SUBJECTS — World/England & WWII;

SOCIAL-EMOTIONAL LEARNING — Families in Crisis; Female Role Model; Courage in War;


AGE: 10+; No MPAA Rating;

Drama; 1942; 145 minutes; B & W. Available from

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TWM offers the following movie worksheets to keep students’ minds on the film and to focus their attention on the lessons to be learned from the movie.


Film Study Worksheet for a Work of Historical Fiction

Worksheet for Cinematic and Theatrical Elements and Their Effects.


Teachers can modify the movie worksheets to fit the needs of each class. See also TWM’s Historical Fiction in Film Cross-Curricular Homework Project.


It is WWII. The Minivers, an otherwise happy and well adjusted English middle-class family, must learn to live under daily bombardment by German planes. Mr. Miniver joins hundreds of boat owners summoned to Dunkirk to help evacuate British soldiers from the mainland. While he is gone, a German flyer, shot down by British antiaircraft guns, seeks shelter in the Miniver home.


Selected Awards:

1942 Academy Awards: Best Picture, Best Actress (Garson), Best Supporting Actress (Wright), Best Director (Wyler), Best Black and White Cinematography, Best Screenplay; 1942 Academy Award Nominations: Best Actor (Pidgeon), Best Supporting Actor (Travors), Best Supporting Actress (Whitty), Best Film Editing, Best Sound, Best Visual Effects.


Featured Actors:

Greer Garson, Walter Pidgeon, Teresa Wright, Dame May Whitty, Richard Ney, Henry Travers, Reginald Owen, Henry Wilcoxon, Helmut Dantine, Aubrey Mather, Rhys Williams, Tom Conway, Peter Lawford.



William Wyler.


This is one of the best Allied propaganda films of World War II. It shows how the British public reacted to German aerial bombardment during the Battle of Britain (August – October, 1940). President Roosevelt was so impressed with the final speech in this film that he ordered it printed onto leaflets and dropped over occupied Europe.


MINIMAL. At the beginning, just before war is declared, the Minivers are shown recklessly buying luxuries they cannot afford. The friction between the English classes is glossed over.


Before watching the film, briefly describe the Battle of Britain and the evacuation at Dunkirk and their importance in WWII. See the Helpful Background section. Ask and help your child to answer the Quick Discussion Question. Then tell your child that this film is war propaganda for the Allies during WWII. Discuss propaganda and its use and misuse.


The Battle of Britain was a battle of air forces that lasted from August 8 to October 31, 1940. The Luftwaffe, with vastly superior air power, tried to reduce British morale and soften Britain’s defenses in preparation for Hitler’s planned invasion of England. At first, the Germans targeted shipping and the ports. Then they concentrated on bombing airfields and the Midland industries. Finally they tried to destroy London. The Royal Air Force (RAF) proved to be technically and tactically superior to the Luftwaffe. In the Battle of Britain, the RAF lost only 900 planes to the Germans’ 2,300. Lacking air superiority, Hitler was forced to abandon his plans to invade England.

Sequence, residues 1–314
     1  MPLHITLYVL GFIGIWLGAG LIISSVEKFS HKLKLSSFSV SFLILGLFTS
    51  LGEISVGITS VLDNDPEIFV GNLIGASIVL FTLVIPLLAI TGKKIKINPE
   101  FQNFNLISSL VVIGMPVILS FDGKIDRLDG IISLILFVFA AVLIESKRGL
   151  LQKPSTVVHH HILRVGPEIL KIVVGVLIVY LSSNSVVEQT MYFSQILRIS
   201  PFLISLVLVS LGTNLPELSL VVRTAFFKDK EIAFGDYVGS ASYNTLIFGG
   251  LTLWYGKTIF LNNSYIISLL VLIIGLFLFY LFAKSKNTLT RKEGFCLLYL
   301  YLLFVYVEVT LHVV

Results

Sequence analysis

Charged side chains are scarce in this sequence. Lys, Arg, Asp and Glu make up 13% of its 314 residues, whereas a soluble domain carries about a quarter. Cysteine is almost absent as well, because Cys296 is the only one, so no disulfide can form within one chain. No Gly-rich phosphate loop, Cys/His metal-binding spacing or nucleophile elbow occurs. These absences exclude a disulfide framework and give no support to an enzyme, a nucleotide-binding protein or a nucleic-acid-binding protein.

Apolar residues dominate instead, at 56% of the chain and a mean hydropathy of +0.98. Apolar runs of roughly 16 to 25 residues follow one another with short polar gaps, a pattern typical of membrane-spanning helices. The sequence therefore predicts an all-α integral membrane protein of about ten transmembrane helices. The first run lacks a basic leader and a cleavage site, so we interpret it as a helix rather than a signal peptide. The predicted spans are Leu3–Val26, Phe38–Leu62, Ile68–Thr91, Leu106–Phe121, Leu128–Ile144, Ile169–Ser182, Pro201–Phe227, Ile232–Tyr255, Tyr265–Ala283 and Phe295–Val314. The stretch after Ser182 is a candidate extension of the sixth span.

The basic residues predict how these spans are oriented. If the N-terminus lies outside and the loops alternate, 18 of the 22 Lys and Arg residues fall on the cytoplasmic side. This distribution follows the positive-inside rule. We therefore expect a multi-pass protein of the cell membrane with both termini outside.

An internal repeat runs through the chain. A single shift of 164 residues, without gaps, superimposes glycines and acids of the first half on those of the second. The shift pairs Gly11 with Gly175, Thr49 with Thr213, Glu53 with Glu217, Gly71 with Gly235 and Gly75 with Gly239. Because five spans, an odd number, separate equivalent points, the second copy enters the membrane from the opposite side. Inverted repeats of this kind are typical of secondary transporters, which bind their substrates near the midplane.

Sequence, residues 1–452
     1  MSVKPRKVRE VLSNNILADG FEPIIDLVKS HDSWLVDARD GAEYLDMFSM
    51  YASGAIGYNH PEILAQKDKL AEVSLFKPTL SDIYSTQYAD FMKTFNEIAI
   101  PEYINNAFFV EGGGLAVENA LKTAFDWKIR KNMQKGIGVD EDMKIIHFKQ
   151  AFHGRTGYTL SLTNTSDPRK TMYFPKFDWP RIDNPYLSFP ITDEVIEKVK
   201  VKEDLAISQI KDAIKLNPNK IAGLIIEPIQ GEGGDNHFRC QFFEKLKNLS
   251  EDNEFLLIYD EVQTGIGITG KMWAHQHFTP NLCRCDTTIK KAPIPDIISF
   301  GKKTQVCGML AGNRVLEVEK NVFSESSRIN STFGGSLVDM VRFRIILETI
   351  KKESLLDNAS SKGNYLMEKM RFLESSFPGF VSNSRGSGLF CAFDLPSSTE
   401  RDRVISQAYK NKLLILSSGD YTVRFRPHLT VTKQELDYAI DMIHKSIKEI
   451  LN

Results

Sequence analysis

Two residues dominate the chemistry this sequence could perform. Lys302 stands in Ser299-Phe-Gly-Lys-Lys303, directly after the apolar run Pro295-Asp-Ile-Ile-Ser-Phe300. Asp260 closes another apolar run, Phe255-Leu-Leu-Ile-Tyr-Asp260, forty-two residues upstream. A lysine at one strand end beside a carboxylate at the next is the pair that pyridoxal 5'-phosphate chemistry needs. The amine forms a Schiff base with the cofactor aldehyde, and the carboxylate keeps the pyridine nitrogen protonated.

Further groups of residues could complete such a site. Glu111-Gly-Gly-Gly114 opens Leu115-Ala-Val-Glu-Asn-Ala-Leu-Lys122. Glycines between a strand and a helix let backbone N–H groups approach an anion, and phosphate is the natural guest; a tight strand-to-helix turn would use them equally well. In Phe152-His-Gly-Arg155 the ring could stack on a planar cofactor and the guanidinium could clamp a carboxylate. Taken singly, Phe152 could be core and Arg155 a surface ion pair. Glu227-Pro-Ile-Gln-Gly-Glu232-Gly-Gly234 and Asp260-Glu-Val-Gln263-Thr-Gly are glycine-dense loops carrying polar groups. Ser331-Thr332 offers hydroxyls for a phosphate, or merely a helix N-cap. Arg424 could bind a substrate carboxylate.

Dunkirk is a seaport in Northern France. In late May of 1940, the British Army was trapped between the advancing German Army and the sea. The British Navy mobilized every available boat, public or private, on the English coast near the Channel, and evacuated 337,000 troops between May 27 and June 4, 1940. Dunkirk is seen as a brilliant military retreat. In the movie, Mr. Miniver participates in the Dunkirk evacuation.

Oxford University is one of the two most prestigious universities in England, the other being Cambridge. Only the best students are permitted to attend. These universities, their traditions and their fame date back to the Middle Ages. For a film about sports at Cambridge University see Chariots of Fire.

Beginning with the Norman conquest in 1066, a rigid class system prevailed in Britain. At the top was the king and the royal family, then came the aristocracy and finally, with the fewest rights, the common people. Over the 18th, 19th and 20th centuries, the British class system was dismantled and the political and economic stranglehold that the royal family and the aristocracy held over Britain was eliminated. Remarkably, this was accomplished without a violent revolution. The class systems in other European countries were more rigid than the English class system and were overthrown by bloody revolutions, e.g., the French Revolution (1792) and the Russian Revolution (1917). There was never a nationally recognized class system in the United States, except, perhaps, for slavery in the South (which also required a bloody civil war to eradicate). In the movie, the Belham family was the local aristocracy.


1. See Discussion Questions for Use With any Film that is a Work of Fiction.


2. Did Carol Belham do the right thing in asking Mrs. Miniver to convince the station master to withdraw Mrs. Miniver Rose from the competition?


3. Was Vin right in the way that he talked to Carol Belham the first time they met? What was his “social consciousness?”



No questions at this time.



1. Did Mrs. Miniver do the right thing by resisting the German soldier and putting her life in danger?


Discussion Questions Relating to Ethical Issues will facilitate the use of this film to teach ethical principles and critical viewing. Additional questions are set out below.



(Be honest; Don’t deceive, cheat or steal; Be reliable — do what you say you’ll do; Have the courage to do the right thing; Build a good reputation; Be loyal — stand by your family, friends and country)


This Learning Guide was last updated on December 16, 2009.

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